March 13, 2018 3:38 pm
Updated: March 13, 2018 11:04 pm

British police investigating after Russian exile found dead in London home

WATCH ABOVE: The president today joined British Prime Minister Theresa May in calling for Russia to come clean on the poisoning of a former spy in England. And while that was happening, we learned another Russian has turned up dead, in London.


British counter-terrorism police are investigating the unexplained death of a Russian associate of late tycoon Boris Berezovsky, but said the death was not thought to be linked to a nerve agent attack on a former Russian double agent.

READ MORE: Russian ex-spy mystery: Here’s what we know about nerve-agent attack on Sergei Skripal

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Nikolai Glushkov, 68, was discovered dead late on Monday at an address in Clarence Avenue in suburban south-west London.

British police, who did not name Glushkov, said that they were investigating the death of a man in his 60s who lived on Clarence Avenue.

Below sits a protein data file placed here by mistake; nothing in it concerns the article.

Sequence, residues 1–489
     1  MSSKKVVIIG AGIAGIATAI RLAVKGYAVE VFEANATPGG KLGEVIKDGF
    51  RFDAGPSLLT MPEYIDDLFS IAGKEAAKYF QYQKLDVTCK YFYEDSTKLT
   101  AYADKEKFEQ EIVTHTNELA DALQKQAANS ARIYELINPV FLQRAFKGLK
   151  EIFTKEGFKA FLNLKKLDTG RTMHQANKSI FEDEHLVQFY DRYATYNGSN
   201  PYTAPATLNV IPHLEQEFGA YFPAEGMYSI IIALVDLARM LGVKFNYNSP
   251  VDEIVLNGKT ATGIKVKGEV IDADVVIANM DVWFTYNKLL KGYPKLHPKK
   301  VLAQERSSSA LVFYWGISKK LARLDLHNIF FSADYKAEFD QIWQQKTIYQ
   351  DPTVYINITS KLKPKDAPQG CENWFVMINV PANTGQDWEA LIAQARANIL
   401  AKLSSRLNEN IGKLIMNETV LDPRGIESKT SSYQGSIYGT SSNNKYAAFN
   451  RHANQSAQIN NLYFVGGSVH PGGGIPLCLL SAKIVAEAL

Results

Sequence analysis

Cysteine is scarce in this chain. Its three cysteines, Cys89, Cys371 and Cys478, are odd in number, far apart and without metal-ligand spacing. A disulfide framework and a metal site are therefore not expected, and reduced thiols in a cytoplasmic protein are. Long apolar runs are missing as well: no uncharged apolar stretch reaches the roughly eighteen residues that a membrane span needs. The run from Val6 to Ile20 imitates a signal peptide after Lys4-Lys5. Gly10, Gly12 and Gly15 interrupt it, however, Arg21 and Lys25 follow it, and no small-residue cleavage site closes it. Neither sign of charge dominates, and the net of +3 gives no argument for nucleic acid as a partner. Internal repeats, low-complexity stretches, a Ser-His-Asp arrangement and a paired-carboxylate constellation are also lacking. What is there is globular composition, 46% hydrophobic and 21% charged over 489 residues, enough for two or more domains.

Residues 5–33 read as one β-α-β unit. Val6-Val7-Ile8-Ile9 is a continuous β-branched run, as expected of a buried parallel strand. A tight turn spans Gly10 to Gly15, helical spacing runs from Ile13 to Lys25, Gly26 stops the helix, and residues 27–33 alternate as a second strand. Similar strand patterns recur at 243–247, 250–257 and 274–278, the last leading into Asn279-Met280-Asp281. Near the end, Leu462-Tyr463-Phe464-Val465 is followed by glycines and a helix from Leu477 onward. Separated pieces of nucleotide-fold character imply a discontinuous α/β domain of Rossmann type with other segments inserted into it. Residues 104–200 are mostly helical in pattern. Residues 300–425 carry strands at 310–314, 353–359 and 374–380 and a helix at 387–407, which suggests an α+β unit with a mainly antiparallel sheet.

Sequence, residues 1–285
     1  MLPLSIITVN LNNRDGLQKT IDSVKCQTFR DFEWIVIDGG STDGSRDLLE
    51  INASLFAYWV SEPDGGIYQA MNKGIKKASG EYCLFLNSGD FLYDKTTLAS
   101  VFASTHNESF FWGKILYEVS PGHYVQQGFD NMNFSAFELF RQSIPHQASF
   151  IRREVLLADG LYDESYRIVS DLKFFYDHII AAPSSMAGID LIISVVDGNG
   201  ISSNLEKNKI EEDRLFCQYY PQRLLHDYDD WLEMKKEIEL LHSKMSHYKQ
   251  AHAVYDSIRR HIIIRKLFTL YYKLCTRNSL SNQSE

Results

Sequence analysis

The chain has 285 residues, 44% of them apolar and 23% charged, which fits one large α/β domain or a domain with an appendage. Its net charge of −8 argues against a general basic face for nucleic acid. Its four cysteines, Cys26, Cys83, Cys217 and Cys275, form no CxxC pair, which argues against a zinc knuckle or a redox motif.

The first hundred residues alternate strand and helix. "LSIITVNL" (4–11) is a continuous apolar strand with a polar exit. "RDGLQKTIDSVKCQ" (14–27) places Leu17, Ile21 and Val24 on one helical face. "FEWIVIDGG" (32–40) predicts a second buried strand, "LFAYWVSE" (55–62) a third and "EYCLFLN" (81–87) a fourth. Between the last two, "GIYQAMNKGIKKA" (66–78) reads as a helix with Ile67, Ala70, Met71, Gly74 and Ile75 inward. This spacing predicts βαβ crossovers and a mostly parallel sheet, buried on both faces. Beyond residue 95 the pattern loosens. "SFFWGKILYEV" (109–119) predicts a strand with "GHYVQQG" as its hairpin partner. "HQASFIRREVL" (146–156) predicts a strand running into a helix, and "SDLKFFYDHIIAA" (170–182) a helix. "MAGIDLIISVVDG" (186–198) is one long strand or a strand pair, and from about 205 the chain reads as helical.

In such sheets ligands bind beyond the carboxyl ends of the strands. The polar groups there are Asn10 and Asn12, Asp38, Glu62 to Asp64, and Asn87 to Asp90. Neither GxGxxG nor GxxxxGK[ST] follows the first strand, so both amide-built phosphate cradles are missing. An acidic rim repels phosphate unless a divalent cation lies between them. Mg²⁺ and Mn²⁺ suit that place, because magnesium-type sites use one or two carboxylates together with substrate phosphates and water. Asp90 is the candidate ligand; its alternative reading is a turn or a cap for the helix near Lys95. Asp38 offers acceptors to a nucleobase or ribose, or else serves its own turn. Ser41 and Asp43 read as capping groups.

Police said the death was not linked to the poisoning of Sergei Skripal and his daughter in Salisbury.

“There is no evidence to suggest a link to the incident in Salisbury,” the Metropolitan Police said in a statement.

Counter-terrorism police were leading the investigation “because of associations that the man is believed to have had.”

WATCH: Only Russia could be behind U.K. poison attack: toxin’s co-developer 

Berezovsky was found dead in March 2013 with a scarf tied around his neck in the bathroom of a luxury mansion in Ascot, an affluent English town near the Queen’s Windsor Castle, west of London.

The 67-year-old tycoon had been one of Russia’s most powerful figures in the years after the collapse of the Soviet Union. He was known as the “godfather of the Kremlin” before fleeing to London in 2000 after a row with Russian leader Vladimir Putin.

WATCH: Video coverage of Sergei Skripal nerve-agent attack in the U.K.

READ MORE: Russian TV host issues grave warning to ‘traitors’ living in U.K.

Britain granted Berezovsky political asylum three years later on the grounds his life would be in danger if he went back home.

His family feared he might have been murdered by enemies in Russia, but British police and forensic experts concluded Berezovsky had committed suicide.

Glushkov had worked for Russian airline Aeroflot and at Berezovksy’s LogoVAZ car company.

— Reporting by Guy Faulconbridge and Alistair Smout; editing by Stephen Addison

© 2018 Thomson Reuters

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